Local gardening organization:

Tilth Alliance – great resources on many gardening topics and classes, kids section

Some great books:

Real Gardens Grow Natives by Eileen Stark – how to plan your garden and native plants to use

Plants of the Pacific Northwest Coast compiled and edited by Jim Pojar and Andy MacKinnon – to identify already growing plants, including invasives/non-natives, in your yard

A fantastic online resource:

Real Gardens Grow Natives – Gardening tips and resources

Do you have a group who would like to help with the PAWS Wildlife Center Native Species Garden or other projects around PAWS?  If so, check out information about work party opportunities.

Inspired by our work? Consider making a donation today to help us continue providing vital care to wild animals in need.

Found a wild animal in need? Find out how PAWS can help

Interested in a career in wildlife rehabilitation? Check out internship/externship opportunities at PAWS

By Jen Mannas, Wildlife Naturalist

Biologist and theorist E.O. Wilson once said “Biological diversity is the key to the maintenance of the world as we know it...Eliminate one species, and another increases to take its place. Eliminate a great many species and the local ecosystem starts to decay.”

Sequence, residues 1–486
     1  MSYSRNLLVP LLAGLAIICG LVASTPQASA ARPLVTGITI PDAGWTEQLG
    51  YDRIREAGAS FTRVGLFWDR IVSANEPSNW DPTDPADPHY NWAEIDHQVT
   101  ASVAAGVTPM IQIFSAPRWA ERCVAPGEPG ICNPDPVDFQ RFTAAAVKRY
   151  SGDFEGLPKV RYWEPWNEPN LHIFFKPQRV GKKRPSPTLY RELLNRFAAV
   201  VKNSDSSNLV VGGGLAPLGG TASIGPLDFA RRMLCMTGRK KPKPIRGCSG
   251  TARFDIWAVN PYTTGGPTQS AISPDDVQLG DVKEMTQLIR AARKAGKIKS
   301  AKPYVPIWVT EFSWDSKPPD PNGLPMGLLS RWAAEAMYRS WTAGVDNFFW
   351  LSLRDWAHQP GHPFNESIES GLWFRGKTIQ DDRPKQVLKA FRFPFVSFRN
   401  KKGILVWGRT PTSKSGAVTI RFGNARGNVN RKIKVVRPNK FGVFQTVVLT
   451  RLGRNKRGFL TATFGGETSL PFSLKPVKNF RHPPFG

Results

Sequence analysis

In the coming week, PAWS is celebrating the National Wildlife Federation’s National Wildlife Week. This educational program is used to get the word out about all the wild animals, big and small, who live together.

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Biodiversity is defined as the variety of life in the world or in a habitat or ecosystem. It is important because it boosts ecosystem productivity where each species plays an important role. Greater species diversity ensures natural sustainability for all life forms, including us.

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Right here in Washington there are hundreds of native wildlife species that we coexist with. From the seabirds wintering off our coast to the songbirds at our bird feeders to the ever-elusive coyote. These species all play an important role in the environment that they live in.  Seabirds are indicators of the health of the marine environment.  They will be the first to be affected if something is wrong because they spend most of their life at sea and rely on marine resources for food. Songbirds protect trees and other plants by preying on insects that chew leaves and harm forests. Coyotes are a keystone predator that have positive effects within an ecosystem by keeping natural areas healthy. They regulate populations of smaller predators in turn allowing the prey of smaller predators, like birds, to survive. 

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In a changing world, it is important for us humans to better understand and celebrate this biodiversity.  We can even help promote it in our own backyards and communities by planting wildlife gardens and taking injured and orphaned wild animals to wildlife rehabilitation centers like PAWS for help.

In the past five years PAWS, has returned more than 5,800 animals back to the wild encompassing more than 165 different species. We returned these animals back to the wild so they can once again be active members within their population to help preserve the biodiversity in Washington.